NASSCOM 2017: Indian IT services paralyzed by Trump, but being a deer in the headlights is not an option

When, in history, has there existed a market that just keeps relentlessly growing at 5-10% each year, with profit margins consistently at a 15-20% level; and for well over a decade? Yet you attend the annual flagship Indian IT conference only to experience an atmosphere of acute paranoia and paralysis.  Is change really that frightening?

Even most clients are openly declaring they haven’t had their budgets reduced – many simply aren’t ready to make investments while there is such uncertainty surrounding the market because of an unpredictable US President.  Even NASSCOM itself adds to the uncertainty by deferring its usual business outlook

However, acting like a deer in the headlights is not an option.  The smart strategy is to expect the worst and make measures now to get in front of it…. don’t let the juggernaut, that is a protectionist US administration, squash you flat in your tracks.

However negatively this could turn out for some of the Indian IT services industry – here are six simple ways to reinvest some of those bloated warchests, before those greedy investors who got rich off your spoils demand to cash in their chips…

1) Invest internationally beyond the US.  Those Indian IT majors in the strongest position are those that are least reliant on their US clientele for future growth.  In fact, HfS estimates $7 Trillion in B2B digital expenditure by 2020 – with only $2bn being in the US (traditionally 50% of worldwide IT spend came from the US, but digital spending – both B2B and B2C – is changing that picture dramatically). For example, the British PM is already deep in discussions with Modi about closening UK/Indo ties even further in the wake of Brexit. The UK has the potential to become a major digital hub, fuelled by Indian talent.  While Brexit appears like a terrible idea on paper, change forces action and these actions will be all about increasing the flow of trade and talent with emerging nations and creating new wealth. We also see a real appetite for digital business model investments and automation by Australian businesses – and many of the Asian nations are only too happy to move from zero to hero to take advantage of the humongous digital B2B expenditure in Asia/Pacific and the rest of the world.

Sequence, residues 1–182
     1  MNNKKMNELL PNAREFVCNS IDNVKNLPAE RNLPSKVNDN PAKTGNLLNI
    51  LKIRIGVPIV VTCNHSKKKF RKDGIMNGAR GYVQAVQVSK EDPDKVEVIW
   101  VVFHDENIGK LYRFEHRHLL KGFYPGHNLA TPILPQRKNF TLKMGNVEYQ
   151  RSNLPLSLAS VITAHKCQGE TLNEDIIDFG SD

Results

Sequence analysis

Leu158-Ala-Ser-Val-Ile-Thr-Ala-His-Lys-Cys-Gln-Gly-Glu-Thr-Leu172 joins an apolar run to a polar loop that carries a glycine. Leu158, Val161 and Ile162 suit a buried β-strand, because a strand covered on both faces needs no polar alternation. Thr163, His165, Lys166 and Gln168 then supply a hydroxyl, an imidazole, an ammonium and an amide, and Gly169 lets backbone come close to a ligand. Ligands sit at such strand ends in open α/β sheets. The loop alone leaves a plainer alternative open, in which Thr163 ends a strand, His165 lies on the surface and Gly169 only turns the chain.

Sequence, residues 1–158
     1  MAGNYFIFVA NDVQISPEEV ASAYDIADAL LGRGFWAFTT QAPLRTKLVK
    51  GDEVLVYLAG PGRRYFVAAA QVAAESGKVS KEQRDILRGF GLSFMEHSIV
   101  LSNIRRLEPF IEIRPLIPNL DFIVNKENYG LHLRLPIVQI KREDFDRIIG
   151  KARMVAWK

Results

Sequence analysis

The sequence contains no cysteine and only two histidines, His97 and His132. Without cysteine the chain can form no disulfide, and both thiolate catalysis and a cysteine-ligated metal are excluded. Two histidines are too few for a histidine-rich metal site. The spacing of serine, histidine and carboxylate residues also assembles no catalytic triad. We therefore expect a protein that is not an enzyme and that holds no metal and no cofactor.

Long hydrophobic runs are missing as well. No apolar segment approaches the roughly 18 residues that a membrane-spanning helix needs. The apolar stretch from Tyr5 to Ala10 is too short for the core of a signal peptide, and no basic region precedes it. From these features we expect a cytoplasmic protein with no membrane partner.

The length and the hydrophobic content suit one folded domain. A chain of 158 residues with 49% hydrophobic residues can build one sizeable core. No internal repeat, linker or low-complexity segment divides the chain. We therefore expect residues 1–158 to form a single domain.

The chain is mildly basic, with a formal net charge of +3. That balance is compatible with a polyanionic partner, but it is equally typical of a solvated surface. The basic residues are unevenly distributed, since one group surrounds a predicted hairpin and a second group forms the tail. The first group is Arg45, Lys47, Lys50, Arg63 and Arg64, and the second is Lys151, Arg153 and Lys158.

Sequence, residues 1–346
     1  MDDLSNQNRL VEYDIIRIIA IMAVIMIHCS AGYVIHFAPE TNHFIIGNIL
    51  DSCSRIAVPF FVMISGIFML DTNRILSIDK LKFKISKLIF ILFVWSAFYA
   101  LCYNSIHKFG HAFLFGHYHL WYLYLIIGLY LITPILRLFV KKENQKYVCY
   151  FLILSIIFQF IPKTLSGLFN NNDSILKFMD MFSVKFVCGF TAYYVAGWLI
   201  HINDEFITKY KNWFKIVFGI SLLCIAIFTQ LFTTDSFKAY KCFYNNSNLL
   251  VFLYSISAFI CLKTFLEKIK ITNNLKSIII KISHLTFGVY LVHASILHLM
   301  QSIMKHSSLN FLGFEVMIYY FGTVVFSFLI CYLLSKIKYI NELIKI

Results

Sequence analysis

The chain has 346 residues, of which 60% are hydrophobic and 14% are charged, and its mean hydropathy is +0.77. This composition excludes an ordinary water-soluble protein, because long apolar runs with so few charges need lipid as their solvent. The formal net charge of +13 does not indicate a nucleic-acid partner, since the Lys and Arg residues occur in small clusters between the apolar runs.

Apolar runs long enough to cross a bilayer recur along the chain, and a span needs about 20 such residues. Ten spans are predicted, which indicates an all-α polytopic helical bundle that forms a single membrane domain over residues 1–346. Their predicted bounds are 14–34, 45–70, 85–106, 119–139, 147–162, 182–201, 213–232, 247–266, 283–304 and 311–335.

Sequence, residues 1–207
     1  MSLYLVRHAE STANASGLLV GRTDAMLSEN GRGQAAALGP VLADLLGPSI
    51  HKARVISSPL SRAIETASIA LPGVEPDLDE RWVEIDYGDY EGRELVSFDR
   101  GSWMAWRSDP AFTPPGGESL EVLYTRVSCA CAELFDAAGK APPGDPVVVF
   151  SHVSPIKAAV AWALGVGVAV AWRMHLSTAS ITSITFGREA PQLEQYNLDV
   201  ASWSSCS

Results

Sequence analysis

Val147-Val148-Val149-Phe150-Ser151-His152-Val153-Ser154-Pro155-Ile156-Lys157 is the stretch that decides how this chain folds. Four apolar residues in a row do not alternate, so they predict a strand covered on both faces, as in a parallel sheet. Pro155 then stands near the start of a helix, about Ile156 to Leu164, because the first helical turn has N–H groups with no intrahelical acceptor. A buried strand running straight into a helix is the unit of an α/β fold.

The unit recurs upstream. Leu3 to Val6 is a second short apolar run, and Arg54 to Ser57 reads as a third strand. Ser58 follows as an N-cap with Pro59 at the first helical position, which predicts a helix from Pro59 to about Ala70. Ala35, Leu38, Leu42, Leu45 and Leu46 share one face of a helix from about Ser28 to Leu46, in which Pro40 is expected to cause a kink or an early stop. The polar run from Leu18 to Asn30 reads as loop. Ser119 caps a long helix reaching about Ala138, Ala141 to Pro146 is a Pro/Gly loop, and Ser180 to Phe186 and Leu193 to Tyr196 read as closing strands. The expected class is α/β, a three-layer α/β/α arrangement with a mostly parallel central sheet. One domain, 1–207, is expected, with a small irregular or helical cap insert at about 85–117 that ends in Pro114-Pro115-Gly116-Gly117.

In addition, many of the European regions, such as Nordics and Germany, are now rapidly exploring more global resources to support their digital growth. If America – as it appears – is on the path of becoming a protectionist anti-globalization country for the next four years, perhaps its time to broaden your horizons?

2) Invest in a smarter onsite/offshore model that gets you closer to your customer’s customer.  Yesterday’s IT services model was all about helping legacy traditional enterprises keep their lights on by maintaining clunky old ERP implementations keep operating, adding extra sauce to spaghetti code and keeping an eye on server outages from afar.  Tomorrow’s winners have moved all this stuff into the cloud and automated much of their infrastructure management.  The future growth is working much closer to your customers to help them design and implement digital business models by building mobile applications, testing customer sentiment, forging partnerships and developing APIs with new digital business partners and communities.  Technology skills such as DevOps, Agile, Hadoop, Blue Prism and Automation Anywhere are the watchword, and a global race is on to access these skills.  Moreover, the developers need to be closer to the business designers and customer strategies of the clients to make this effective.  So Indian IT majors need to focus on developing these skilled resources where all their clients are situated, in addition to India itself.  This will require re-investing some of that lovely cash sitting around – and, heaven forbid – take a small margin sacrifice for a few quarters.

3) Partner with digital agencies to get it done.  Be realistic for once and accept the fact that most customers are not going to come to you to design highly creative digital business solutions.  You have an IT services brand, not a creative digital brand.  Most clients will go to the advertising firms, the Design Thinking consultancies and the digital specialists for that work.  However, all those firms are pretty clueless when it comes to actually communicating their business designs to technology firms and having them just get it done. This is where you can really do well – by working with these agencies and consultancies as their IT partner – bring them into your clients and they will being you into theirs!  Believe me, most the digital firms worth acquiring have already been hoovered up by the Accentures and Deloittes… most the stuff left on the market is overpriced, too small, and most their nose-ringed designers will jump ship the moment you buy them.